Did you know that about 1 out of 5 occiput posterior labors experience amniotic sac breakage before labor? This is when the water breaks as the membranes dilate and rupture.

Back labor

Back labor refers to the intense back ache that majority of women feel during labor. On the bright side, some women do not feel any back labor despite of the posterior fetal position.

Irregular stages of labor

Irregular stages of labor is when the process has a stop and start pattern.

Irregular labor patterns

Irregular pattern is when all or some (one or two or three stages of labor) stages of labor are prolonged due to the occiput posterior.

No sign of fetal engagement

No sign of fetal engagement is when the unborn baby does not engage even during the course of labor.

Pros and cons of the posterior fetal position

Not all expectant mothers who carry a posterior baby experience difficulty during delivery. Carrying a posterior baby has corresponding factors that can make their laboring process difficult or smooth sailing.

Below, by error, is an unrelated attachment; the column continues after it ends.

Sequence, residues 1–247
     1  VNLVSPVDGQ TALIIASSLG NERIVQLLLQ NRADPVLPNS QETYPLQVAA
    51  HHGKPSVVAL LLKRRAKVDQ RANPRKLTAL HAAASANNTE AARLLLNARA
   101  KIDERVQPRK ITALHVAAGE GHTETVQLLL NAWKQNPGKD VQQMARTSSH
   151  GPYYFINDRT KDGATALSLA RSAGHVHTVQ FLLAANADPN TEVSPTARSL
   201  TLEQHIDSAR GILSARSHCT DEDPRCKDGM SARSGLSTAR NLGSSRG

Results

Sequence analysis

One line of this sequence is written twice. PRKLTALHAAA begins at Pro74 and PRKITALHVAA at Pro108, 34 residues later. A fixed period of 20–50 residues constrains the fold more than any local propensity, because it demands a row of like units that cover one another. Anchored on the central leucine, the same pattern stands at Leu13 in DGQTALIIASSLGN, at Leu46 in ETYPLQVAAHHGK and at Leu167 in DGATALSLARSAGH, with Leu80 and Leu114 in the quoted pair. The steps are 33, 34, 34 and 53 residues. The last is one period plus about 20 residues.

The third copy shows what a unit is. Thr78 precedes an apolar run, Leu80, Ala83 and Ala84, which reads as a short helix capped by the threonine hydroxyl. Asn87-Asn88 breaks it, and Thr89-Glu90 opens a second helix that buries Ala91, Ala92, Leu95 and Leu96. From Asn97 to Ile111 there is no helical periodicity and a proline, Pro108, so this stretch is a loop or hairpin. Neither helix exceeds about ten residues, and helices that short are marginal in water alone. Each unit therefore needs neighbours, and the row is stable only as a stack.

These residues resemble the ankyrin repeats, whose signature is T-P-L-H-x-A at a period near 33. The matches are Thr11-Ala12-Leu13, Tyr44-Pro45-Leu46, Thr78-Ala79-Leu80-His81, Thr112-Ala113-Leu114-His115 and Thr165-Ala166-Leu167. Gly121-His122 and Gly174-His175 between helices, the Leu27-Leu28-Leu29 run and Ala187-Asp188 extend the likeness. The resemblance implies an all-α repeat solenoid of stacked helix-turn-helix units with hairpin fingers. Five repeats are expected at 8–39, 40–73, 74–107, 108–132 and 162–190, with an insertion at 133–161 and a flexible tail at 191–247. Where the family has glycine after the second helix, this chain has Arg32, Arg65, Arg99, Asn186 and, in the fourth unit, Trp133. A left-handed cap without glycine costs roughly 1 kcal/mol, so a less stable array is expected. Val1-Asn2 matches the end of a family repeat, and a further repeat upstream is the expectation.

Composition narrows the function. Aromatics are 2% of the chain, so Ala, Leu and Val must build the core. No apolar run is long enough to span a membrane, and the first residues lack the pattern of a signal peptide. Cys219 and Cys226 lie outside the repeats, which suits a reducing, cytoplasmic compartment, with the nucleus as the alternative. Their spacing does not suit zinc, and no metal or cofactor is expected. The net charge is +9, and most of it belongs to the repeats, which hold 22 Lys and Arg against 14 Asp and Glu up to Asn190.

Factors of a smooth – sailing delivery with a posterior positioned baby

  • A second – time mother whose given birth easily before
  • A posterior baby whose chin is placed on the left side of his mother
  • An unborn baby positioned in a left occiput posterior, especially whose chin is tucked or flex
  • A small and/or averaged – sized baby
  • A woman who does not have an android pelvis
  • A woman who has a wide pelvis [wide enough to accommodate the baby’s extra head size]
  • An expectant mother who use various birthing techniques
  • An expectant mother with a calm mind
  • A posterior baby who has shifted from right to left after doing reversals

Factors of a difficult deliver with a posterior positioned baby

  • First – time mother
  • A first – time mother whose baby has not dropped into the pelvic region by the 38th week of gestation
  • A mother – to – be with an android pelvis (also called as dude – shaped or runs like a boy). An android pelvis is described as a deep – seated pubis with a slender pubic arch where her sitz bones are close together (closer or equivalent to the width of a fist)